My friend, Richard Joseph, a foreign correspondent and overall great guy sent me some notes from his recent trip to Europe—..sounds like a lovely way to spend a summer day. I thought I would share this day with you- and if you’re interested in making this day trip, you can find a similar tour here-
A day on a KD riverboat and Castle Hunting in Germany
Hope you will enjoy my diary of a day’s excursions on the river. A little about our transportation: K├Âln-D├╝sseldorfer (KD) and other riverboat cruise lines operate day trips on the Rhine River in the UNESCO-listed Loreley Valley between R├╝desheim, St Goar, and Koblenz. Several riverboat companies offer day cruises on the Rhine River (Rhein). K├Âln-D├╝sseldorfer (KD) has the largest number of sailing but many other lines cruise through the romantic Loreley Valley.
Boats differ in size in and between cruise lines but it is often sensible to simply take the next boat to depart. Most boats have restaurants on board but consuming own food and drink is acceptable on the open decks.
The first ship we enjoyed was the MS Boppard which had covered and uncovered on-deck seating on the upper level rear. On the lower level it had a restaurant with booths with large windows for viewing. There was no VIP seating. It was perfect for a day trip. The cost of the round trip was only about $30 US. Food was typical German fare. For example, I dined on sausages and potato salad. Wine of course.
The trip back to Rudesheim was on the MS Stolzenfels which was pretty much the same except that I was able to sit at the front of the boat outside. The food on this boat consisted (sadly) of a Subway restaurant.
The KD line also features a “nostalgia” ship the MS Goethe which I did not take, but did see. Here is a description I found (not my words): Built in 1913 the Goethe brings back the good old days of steam transport. The elegant atmosphere of the Golden Twenties and the roomy and comfortable saloons, decorated and furnished in original art deco style, form a perfect backdrop for celebrations with a touch of romance.
On to the Castle Hunting in Germany
While the U.S. might be lacking in castles, there is certainly no shortage of them in the Rhine Gorge: 40 fortresses in a 36 mile stretch. What better way to see them than floating by on the river. KD Line Mainz-Koblenz Germany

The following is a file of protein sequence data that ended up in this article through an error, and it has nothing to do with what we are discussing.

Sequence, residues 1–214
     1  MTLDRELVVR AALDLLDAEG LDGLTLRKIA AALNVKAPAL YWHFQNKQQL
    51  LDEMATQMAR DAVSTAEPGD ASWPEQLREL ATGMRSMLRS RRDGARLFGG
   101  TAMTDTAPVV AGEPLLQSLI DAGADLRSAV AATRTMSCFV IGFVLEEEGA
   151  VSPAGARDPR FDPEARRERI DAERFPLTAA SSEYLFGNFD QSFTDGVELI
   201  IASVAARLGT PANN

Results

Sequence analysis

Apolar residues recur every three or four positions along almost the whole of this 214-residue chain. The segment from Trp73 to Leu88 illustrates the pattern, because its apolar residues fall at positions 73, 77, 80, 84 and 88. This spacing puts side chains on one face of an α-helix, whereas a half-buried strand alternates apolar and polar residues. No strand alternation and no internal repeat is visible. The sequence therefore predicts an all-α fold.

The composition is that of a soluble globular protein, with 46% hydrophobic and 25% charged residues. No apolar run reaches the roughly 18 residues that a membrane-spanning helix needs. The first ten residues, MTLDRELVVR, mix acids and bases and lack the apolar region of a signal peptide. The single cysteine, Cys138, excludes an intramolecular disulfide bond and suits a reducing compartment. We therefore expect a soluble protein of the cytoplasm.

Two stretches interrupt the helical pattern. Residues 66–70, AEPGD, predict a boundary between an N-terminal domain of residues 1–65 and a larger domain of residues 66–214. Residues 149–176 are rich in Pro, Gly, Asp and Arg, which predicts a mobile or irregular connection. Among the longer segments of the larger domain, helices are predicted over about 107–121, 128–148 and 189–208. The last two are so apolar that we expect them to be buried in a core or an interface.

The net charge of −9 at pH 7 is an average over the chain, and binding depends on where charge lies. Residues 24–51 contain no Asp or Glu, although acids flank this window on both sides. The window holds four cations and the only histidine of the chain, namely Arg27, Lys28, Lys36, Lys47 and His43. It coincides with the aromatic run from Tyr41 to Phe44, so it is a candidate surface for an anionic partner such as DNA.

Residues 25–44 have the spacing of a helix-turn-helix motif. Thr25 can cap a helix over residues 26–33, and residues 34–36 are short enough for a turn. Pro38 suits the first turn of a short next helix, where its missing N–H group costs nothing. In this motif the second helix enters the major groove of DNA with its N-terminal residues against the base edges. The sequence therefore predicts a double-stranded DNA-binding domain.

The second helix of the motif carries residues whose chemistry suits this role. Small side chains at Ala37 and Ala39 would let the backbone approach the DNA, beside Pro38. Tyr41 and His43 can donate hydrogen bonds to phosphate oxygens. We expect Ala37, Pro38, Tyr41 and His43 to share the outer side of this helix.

11:15am Boarded the ship at Rudesheim, a village of imbered buildings with music drifting from the Drosselgasse, a narrow lane that’s almost too cute.
11:20am Right away there’s the first castle, Burg Klopp presiding over the town of Bingen. Built in 1100 and later restored. It looks as a castle should be, complete with a chilling tale, Emperor Henry IV was imprisoned here by his son.
11:40am This is amazing, on the left bank one castle after another appears. With names like Burg Rheinstein, Reichenstein and Sooneck.
12:15pm Bacharach-If there is one village not to miss, this is it. It’s a walk into the past through streets filled with flower-covered buildings. A stroll along the city wall overlooks ancient towers, churches and the Rhine.
2:30pm Oberwesel- It’s just five minutes away from Bacharach. To save time I took a train to reach this village with a dark anti-Semitic history, but well-preserved sites. A walk along the town’s walls takes you through medieval towers for a view of Castle Schonburg, now a luxury hotel.
3:45pm Loreley Rock-The narrowest point of the Rhine between Switzerland and the North Sea. More than just a 300 foot high rock, it too has a story. In 1800 a ballad was written about an enchanting woman who bewitched men causing their deaths. Of course this song is played on the boat as we pass by.
3:55pm St. Goar-another beautiful village on the left bank with Burg Rheinfels looming above it. The castle was built in 1287 and, like so many others, is now a combination of ruins, a hotel, and museum.
5:20pm Braubach-this time on the right bank. It’s the best preserved of the Rhine Gorge fortresses, perfect for exploration. Built in 1117, it has never been destroyed.
8:15pm Rudeshem-the trip back by boat takes a lot longer due to the opposite current. The Rhine flows northward from Switzerland through Germany. This gorge is part of a UN World Heritage Site (UNESCO). Sitting on a ship’s deck sipping a glass of Riesling while passing the vineyards where they were grown is an experience you might find to be even sweeter than wine.